By Todd Layt
A whole industry has developed around keeping kids safe in play areas. Soft fall has become big business, and Landscape contractors should be central to their construction. Rubber mats and wet pour rubber are widely used as a safe surface for playgrounds. Mulch is another option, but what types are best? Why is turf by itself not allowed and what options are available for using real grass? New research has provided Landscapers with an approved option for using green life in a soft fall area, allowing Landscapers to create a green space in fall zones.
Soft fall surfacing is required to meet Australian Standards for Playground Safety. The level and type of soft fall you require will be determined by the play equipment you choose for your area. Soft fall surfacing need only be installed to the required fall zone area of the play equipment, the remaining play area may utilise standard landscape options like turf.
One very popular surface for fall zones is wet pour rubber. Wet pour is the process involved in laying rubber products. It is an in situ product which basically means the products are mixed on site and then hand-troweled. The process is very similar to asphalting or concreting. Colours are used to make the surface more visually appealing.
To have the product approved, all soft fall options need to be tested by an accredited tester, and must meet Australian standards. The Australian Standard AS/NZS 4422:1996 specifies testing requirements that will determine the Critical Fall Height for playground safety equipment. This height is determined by dropping an instrument from various heights onto surfaces and measuring the point where one of the two safety criteria are exceeded. Different thicknesses and types of soft fall determine the critical fall height and thus the height the playground equipment can be. Another soft fall option comes in the form of rubber tiles. The best known system is from Play Matta.
Play Matta™ Original tiles can be installed over prepared or most existing hard surfaces, including gentle contours and is immediately compliant and ready for use, providing children with a safe playing surface.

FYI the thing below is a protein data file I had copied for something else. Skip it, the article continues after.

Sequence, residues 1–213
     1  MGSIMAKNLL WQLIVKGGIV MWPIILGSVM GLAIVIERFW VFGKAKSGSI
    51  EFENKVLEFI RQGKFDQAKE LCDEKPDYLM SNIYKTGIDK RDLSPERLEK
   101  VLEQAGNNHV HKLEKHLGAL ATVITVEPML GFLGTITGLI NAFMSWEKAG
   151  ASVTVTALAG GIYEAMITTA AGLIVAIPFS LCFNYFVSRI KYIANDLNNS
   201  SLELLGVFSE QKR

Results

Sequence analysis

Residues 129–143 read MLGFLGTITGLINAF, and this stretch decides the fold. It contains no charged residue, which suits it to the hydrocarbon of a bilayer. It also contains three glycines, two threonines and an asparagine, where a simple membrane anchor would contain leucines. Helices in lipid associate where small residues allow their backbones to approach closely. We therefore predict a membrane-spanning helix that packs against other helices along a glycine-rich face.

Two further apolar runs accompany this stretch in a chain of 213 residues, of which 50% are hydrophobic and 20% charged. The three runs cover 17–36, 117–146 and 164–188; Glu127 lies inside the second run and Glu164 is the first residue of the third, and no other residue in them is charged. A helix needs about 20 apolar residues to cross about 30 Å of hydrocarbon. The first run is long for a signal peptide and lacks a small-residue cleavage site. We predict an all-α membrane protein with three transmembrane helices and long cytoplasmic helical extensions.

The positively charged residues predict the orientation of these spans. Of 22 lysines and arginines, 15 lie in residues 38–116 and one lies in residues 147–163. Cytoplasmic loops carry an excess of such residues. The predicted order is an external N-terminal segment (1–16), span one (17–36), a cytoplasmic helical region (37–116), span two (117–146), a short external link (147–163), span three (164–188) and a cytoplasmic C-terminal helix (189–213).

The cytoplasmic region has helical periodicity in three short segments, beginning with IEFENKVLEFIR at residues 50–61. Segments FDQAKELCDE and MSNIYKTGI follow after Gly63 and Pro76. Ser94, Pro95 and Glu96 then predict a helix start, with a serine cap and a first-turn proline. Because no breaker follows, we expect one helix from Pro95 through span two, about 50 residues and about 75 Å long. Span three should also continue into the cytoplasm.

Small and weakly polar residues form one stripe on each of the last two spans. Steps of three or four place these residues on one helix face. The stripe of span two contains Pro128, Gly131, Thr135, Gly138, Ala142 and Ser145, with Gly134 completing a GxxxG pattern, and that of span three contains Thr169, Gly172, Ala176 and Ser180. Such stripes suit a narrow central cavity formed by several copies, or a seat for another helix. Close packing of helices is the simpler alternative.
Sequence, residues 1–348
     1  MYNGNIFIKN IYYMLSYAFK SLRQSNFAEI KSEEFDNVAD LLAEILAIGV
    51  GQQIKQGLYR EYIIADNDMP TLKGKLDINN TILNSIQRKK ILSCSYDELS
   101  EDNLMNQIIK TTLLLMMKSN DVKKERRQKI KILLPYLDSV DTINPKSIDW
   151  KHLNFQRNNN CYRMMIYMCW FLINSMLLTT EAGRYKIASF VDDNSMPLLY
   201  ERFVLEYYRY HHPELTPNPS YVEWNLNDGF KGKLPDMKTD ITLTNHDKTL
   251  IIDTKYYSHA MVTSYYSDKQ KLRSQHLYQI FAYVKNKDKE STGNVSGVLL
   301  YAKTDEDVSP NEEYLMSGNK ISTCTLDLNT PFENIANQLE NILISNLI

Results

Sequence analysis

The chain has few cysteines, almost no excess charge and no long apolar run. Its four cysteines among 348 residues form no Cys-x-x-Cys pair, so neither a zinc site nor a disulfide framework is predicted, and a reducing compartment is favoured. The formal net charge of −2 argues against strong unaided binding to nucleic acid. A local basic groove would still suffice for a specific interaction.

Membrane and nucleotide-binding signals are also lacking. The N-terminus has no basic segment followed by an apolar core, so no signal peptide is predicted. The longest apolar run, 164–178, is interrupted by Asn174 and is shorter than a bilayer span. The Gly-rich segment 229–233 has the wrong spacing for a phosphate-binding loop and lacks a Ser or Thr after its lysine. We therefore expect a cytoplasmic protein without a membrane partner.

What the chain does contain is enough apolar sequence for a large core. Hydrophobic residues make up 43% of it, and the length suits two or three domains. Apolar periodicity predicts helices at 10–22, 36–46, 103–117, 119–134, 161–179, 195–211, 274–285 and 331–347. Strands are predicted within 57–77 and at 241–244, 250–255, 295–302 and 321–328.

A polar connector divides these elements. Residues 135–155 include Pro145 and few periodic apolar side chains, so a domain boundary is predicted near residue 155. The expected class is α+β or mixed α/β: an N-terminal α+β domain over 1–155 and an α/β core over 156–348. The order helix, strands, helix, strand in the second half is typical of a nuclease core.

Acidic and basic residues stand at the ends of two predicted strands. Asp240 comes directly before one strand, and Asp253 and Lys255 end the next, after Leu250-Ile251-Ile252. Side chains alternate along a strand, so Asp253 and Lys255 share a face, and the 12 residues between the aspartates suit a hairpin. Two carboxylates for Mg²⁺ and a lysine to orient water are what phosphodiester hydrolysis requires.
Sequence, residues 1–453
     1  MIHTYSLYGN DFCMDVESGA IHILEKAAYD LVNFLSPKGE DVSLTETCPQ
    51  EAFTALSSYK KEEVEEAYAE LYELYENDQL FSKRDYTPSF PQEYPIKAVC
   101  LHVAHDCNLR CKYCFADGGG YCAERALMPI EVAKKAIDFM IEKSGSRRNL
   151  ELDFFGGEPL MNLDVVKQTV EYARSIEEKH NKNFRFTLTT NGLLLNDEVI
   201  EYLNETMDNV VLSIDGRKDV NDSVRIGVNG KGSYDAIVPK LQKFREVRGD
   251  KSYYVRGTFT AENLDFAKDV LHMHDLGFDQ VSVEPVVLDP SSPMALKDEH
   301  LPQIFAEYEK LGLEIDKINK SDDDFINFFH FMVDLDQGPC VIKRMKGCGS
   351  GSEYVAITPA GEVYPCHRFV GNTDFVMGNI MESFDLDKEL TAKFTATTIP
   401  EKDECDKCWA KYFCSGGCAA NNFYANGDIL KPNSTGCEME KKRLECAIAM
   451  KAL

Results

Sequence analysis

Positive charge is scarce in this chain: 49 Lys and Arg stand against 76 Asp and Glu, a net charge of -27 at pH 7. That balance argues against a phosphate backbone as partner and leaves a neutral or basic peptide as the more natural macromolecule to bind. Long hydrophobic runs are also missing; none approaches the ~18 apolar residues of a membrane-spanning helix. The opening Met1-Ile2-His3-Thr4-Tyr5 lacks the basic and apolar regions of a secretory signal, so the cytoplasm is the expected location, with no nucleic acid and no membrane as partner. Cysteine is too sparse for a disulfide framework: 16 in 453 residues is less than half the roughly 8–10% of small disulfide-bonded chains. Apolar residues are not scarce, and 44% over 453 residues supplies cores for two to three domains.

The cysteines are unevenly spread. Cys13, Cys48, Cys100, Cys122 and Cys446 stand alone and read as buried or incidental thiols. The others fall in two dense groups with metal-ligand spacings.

Play Matta™ Original Systems have a choice of shock pads and tests show excellent results for impact reduction of up to 4.5 meters for the A+A shock pad system. These self-draining tiles have a non-slip surface for good traction levels in wet and dry conditions and comply with disabled accessibility requirements. The true benefit of this system is longevity. The real cost of playground surfacing is not just the initial outlay, but the cost of ongoing maintenance, the cost of repairs and the cost of replacement when the surfacing reaches the end of its life. Using a system that lasts longer makes sense.
Decade’s earlier live turf was commonly used as soft fall. Live turf does pass most soft fall tests, but unfortunately when or if the turf dies, a hard compacted surface that is non-compliant is left behind. So plastic grass has become another widely used system.
The key here is to have the subsurface compliant with the standards, and many companies specialise in this. If you want real grass, there is however now an alternative.
Play Matta have recently released a Grass Tile system that is compliant to the Australian standards. It has a soft base, and a covering mat, and so even if the turf fails, a compliant usable and nice looking surface is left behind.
The key to keeping turf alive in this system is to use a really tough highly rhizotomous and hard wearing turf. The mat helps protect the turf from wear.
Kikuyu turf is by far the best turf choice, and recent turf breeding has provided a far more suitable Kikuyu. KENDA® Kikuyu has 4 times as many underground runners as the common form, and is more vigorous in horizontal growth. Without the extensive rhizomes this system will not work.